Manual camera controls – useful?

One of Fujifilm’s cameras standout features is the amount of manual control dials. Same is now true with the new Nikon Z FC camera. Are those control knobs and levers nostalgy or a useful thing in a camera that apparently only some understand to benefit by choosing a camera brand/model with such controls?

I once thought that this is what I also need to really be in control of the photo taking and especially the exposure process. But in reality with digital cameras the control is always divided between manual dials and the camera’s programming. Camera program can override some settings of yours and programmed AF/exposure indications can lead your thoughts to results, that aren’t really so thought out – by yourself.

My experience with Fujifilm’s dials and settings were mostly confused. I get the idea, but in real life I felt I couldn’t think all the aspects at the same time. I mean: shutter speed, aperture, ISO (especially if I resorted to AUTO ISO), focus point, focus mode, metering area etc.

I owned during the film era a Contax 167MT camera. It had spot metering, and when I determined the right exposure, I turned the same collar-switch from spot metering to AEL. THAT was logical and simple and using it became second nature. It had also exposure compensation dial. Manual focusing and aperture ring in the lens combined a camera that was very simply and straightforward to use.

Somehow I could not get similar experience with modern technology Fujifilm X-H1. What was the difference? I believe the difference is the amount of variables and the confusion of which variables you control yourself and which ones you leave for the camera. I know I did take a lot of better images with the Fujifilm than I did with Contax, but still I found myself confused during the picture taking process.

What was on the other hand better control scheme was a burden for simple shooting. There was no “nullify” button to reset all the settings to some “middle-ground” setting. You had to check every time Aperture of lens, ISO setting, Exposure compensation, Focus mode, focus area, metering area – and if you happened to choose adventurous film simulation – the film simulation that worked best for the situation (in case you wanted to share the JPEGs straigh without post processing). And with quite loose aperture ring in all my Fujinon lenses the aperture ring was very sensitive to turn from it’s position between shots if you put the camera in bag. This kind of camera is a nightmare to share to someone else for a quick snapshot. You just cannot do that with Fujifilm, better buy some other camera brand. So, Fujifilm’s camera became a personal tool that worked for me, if I had good memory of what settings I used last time and remembered to check everything before pressing the shutter.

And this all considering the Fujifilm X-H1 is one of the best mirrorless digital cameras you can (probably still) buy. It’s image quality is top, even with high ISOs. It’s ergonomics belongs to the top also. It has very durable body, and unbelievably silent mechanical shutter. And the shutter button was really unique. A camera with not battery consuming ink-top-display, checked. And still, by even today’s standards, high resolution electronic viewfinder.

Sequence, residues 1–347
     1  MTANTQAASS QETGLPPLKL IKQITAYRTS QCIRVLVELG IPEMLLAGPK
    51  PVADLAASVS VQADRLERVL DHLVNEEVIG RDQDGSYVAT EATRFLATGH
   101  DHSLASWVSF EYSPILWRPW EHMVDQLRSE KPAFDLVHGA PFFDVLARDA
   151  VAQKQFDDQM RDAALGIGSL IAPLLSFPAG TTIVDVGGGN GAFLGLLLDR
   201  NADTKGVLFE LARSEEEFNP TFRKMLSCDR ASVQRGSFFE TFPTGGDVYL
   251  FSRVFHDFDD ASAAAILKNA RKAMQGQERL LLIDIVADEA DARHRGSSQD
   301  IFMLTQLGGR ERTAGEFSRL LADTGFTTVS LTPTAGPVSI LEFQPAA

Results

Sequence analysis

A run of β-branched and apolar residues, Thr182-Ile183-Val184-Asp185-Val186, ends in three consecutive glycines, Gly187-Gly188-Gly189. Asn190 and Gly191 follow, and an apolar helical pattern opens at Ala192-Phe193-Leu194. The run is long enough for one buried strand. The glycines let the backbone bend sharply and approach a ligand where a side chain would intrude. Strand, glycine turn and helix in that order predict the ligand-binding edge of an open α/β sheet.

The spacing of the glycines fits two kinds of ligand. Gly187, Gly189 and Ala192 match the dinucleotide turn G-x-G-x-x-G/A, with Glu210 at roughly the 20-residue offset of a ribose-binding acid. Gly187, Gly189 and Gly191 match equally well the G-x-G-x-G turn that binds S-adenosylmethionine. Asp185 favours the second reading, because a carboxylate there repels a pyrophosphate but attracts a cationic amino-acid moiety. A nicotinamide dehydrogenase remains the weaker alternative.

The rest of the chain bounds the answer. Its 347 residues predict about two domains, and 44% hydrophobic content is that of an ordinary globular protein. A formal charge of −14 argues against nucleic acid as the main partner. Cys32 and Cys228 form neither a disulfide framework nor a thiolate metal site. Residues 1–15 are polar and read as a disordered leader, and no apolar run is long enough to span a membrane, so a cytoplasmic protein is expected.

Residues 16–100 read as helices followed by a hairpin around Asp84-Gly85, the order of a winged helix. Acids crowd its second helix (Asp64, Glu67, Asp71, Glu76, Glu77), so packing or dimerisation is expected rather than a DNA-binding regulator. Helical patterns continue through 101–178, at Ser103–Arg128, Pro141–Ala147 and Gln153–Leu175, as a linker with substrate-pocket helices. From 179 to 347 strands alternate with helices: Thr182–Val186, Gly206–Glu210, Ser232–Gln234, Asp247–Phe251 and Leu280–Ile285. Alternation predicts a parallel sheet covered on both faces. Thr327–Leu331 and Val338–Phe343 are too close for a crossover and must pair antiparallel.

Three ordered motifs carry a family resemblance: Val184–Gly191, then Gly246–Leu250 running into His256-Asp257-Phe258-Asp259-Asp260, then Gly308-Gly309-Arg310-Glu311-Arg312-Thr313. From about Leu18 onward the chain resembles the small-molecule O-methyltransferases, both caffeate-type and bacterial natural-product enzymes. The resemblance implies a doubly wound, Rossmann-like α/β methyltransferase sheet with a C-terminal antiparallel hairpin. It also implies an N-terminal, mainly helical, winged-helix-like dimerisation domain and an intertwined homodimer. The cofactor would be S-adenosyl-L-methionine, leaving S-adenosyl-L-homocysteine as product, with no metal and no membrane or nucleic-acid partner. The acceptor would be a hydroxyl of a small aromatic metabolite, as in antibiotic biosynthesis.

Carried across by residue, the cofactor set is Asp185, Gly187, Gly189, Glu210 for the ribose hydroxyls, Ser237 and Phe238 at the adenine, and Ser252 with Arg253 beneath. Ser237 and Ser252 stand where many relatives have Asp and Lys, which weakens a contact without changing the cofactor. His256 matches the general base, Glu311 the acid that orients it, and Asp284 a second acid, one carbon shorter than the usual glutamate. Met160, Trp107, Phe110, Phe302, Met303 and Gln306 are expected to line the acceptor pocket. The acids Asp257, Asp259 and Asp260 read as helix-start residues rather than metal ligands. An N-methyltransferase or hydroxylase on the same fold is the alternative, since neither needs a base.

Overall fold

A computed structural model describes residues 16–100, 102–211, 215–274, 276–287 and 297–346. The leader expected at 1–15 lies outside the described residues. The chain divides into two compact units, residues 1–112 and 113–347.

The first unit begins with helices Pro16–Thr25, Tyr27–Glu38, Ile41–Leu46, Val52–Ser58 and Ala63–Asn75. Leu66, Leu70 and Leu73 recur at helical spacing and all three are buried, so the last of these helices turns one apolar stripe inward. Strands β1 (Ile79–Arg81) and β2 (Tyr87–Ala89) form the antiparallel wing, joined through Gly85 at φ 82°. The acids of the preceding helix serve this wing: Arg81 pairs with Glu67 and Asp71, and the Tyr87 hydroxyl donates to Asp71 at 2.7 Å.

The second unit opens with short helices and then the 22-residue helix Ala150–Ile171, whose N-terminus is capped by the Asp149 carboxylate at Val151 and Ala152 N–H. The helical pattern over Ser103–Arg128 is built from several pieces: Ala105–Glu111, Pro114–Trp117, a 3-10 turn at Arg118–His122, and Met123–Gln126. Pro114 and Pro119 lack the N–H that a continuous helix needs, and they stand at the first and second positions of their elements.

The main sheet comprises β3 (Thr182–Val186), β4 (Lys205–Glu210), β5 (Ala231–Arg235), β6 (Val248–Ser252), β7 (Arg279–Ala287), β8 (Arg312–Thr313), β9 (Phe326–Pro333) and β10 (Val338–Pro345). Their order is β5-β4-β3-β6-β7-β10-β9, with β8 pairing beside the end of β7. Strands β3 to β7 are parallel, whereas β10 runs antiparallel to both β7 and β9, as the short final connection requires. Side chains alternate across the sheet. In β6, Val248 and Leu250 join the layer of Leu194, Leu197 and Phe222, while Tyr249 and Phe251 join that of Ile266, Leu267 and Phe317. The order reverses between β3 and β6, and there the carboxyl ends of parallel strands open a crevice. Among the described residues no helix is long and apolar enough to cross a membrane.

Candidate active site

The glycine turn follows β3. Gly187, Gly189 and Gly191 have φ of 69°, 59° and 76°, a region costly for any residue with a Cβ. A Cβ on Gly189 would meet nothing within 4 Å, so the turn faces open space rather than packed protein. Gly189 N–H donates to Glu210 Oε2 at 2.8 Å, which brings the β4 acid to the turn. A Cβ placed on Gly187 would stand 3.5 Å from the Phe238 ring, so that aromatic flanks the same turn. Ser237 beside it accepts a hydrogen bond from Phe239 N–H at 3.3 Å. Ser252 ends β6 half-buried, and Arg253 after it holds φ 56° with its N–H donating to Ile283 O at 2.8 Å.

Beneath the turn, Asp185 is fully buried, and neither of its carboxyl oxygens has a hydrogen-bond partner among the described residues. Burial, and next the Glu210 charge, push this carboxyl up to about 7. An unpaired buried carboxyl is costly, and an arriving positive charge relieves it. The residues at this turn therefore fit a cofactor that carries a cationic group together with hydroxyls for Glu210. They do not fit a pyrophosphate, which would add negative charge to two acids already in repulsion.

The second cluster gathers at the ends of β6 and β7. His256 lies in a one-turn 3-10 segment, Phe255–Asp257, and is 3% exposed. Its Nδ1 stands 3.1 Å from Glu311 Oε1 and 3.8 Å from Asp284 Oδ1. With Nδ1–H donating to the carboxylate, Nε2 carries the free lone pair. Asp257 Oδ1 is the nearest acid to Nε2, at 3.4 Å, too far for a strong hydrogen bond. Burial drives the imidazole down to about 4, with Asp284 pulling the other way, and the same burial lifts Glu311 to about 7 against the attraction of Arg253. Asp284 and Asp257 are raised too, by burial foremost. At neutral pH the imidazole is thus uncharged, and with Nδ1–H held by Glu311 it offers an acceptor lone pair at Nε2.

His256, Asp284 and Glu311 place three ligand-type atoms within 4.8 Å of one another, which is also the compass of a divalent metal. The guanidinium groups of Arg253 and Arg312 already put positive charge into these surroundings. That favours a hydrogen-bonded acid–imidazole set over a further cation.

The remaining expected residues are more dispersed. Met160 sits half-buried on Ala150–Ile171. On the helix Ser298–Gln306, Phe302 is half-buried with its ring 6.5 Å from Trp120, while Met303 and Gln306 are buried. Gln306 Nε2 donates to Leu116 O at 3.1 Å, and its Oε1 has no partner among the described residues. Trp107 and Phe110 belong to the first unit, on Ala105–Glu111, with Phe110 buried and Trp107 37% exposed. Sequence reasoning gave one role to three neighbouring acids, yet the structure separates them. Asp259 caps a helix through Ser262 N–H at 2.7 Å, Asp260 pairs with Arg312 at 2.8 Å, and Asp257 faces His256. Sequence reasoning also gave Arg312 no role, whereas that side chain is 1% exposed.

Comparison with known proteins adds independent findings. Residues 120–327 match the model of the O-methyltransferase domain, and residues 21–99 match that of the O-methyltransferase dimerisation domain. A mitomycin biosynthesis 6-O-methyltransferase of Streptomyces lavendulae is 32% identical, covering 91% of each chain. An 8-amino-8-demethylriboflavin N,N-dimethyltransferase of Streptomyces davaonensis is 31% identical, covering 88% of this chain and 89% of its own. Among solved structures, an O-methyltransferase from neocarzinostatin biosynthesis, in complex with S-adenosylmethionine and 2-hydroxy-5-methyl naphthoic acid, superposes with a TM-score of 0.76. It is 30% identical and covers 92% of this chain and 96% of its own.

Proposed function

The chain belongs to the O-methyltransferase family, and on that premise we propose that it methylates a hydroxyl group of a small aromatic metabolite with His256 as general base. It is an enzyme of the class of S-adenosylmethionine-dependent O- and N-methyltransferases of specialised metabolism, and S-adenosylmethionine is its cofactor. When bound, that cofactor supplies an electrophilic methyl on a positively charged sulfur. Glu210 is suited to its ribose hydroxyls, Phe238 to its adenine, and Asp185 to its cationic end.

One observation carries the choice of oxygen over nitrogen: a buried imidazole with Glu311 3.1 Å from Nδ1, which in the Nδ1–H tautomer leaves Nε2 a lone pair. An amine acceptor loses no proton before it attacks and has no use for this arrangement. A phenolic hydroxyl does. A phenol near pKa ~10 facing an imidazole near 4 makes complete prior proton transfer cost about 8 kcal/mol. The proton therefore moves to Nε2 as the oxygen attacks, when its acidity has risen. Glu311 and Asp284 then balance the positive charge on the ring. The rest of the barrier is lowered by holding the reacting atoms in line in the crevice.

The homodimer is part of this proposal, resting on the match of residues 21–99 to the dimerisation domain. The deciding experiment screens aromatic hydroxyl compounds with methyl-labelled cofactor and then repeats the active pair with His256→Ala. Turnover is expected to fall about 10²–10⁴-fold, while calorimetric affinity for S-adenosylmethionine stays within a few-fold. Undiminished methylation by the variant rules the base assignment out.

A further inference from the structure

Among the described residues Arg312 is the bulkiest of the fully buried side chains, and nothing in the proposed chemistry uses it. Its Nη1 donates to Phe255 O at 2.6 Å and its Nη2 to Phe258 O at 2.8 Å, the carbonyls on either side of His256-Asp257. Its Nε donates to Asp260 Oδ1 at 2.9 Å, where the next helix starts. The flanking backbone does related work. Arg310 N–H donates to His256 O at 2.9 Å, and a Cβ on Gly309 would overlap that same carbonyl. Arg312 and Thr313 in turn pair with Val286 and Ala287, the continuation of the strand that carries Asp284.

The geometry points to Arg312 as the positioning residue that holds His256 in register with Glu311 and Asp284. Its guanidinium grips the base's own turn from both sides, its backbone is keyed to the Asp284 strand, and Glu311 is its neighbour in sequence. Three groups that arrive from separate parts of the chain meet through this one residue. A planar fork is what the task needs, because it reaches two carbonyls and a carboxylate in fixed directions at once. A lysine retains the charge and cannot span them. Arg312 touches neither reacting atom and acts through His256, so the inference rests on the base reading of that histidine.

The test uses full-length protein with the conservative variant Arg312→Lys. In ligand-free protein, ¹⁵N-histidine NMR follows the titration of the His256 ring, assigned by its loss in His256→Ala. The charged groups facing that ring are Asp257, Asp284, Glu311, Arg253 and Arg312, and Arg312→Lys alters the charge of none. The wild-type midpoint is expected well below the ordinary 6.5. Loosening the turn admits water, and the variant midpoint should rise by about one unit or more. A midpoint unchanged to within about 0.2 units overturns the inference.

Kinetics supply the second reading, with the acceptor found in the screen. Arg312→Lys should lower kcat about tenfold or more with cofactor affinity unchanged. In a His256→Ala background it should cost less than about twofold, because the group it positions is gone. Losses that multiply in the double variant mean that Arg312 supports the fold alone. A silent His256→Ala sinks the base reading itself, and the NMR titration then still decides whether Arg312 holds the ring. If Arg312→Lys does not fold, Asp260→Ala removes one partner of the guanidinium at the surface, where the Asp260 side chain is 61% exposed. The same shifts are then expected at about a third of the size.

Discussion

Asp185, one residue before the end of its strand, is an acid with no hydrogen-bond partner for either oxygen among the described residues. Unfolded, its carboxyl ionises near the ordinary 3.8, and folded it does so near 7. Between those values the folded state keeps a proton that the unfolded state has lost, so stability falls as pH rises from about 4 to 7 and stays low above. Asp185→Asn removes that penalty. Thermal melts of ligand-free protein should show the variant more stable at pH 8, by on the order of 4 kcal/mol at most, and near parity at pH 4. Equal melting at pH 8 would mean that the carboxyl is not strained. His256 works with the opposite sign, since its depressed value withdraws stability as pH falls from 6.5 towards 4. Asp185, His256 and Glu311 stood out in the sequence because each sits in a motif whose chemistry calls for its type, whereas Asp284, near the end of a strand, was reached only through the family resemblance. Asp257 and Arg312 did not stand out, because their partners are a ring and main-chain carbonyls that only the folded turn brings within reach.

All things considered I value the experience. My experience with Fujifilm was not good. I always wanted a bigger viewfinder and bigger sensor as I do a lot of indoor sports photography (horse sports). I also wanted some lenses that weren’t covered by Fuji now or in foreseeable future (especially a 85mm equivalent fast focusing and wide aperture lens). And I wanted a “green mode” where all the settings are “normalized” for quick snapshots.

So in the end I gave up with Fuji and changed brands, though I am personally against making big switches and losing money in the process. For my defense I must say that at the time I bought into Fuji there was not a mirrorless FF option I could consider. Sony’s at that time sounded like machine guns and horses don’t like such sounds.

Now Nikon, that took my money for a Z6 II, has published the Z fc APS-C -model with all those dials (except aperture ring on lens). Guess what I think. Okay, I am polite and don’t say anything. At least Nikon is not offering ONLY such cameras.

I do like the look of the Z fc. It really looks as beautiful as one of the most beautiful film cameras ever, Nikon FM2, looked like. I always wanted one, but had my Canons and Pentaxes and Contaxes and never stepped into Nikon territory.

If we talk about beauty of cameras in the film era I cannot but say that Contax cameras were for me the most beautiful ones, especially the newer ones. But they weren’t very manual anymore (like Contax 167MT, Aria or G). But from Nikon realm the simple looking FM2 always made me jeallous. But even if such cameras are otherwise “replicated” I certainly expect digital version of such to be full frame. Though Nikon marketing probably now knows what customers, or at least enough customers, are ready to buy (now means the era after the “1”). And I must say, happy shooting to anyone owning a Z fc. Beautiful camera that is.

Well. My main point here was to say that manual controls are difficult to implement on a camera so that they really enhance the experience of photo taking. Psychologically any amount of automatisation combined with those manual controls makes, at least me, unable to be in control but rely too much on the automatisation, and fail.

And my experiences with Fuji aren’t probably such that many people feel the same way as I do. I though recognized a bit of “religious cult” attitude in me when switching from the brand. I really had similar experience than what cultists do, that there is no “proper life” outside. And how wrong I was when I was concentrating to some details instead of the “big picture”.

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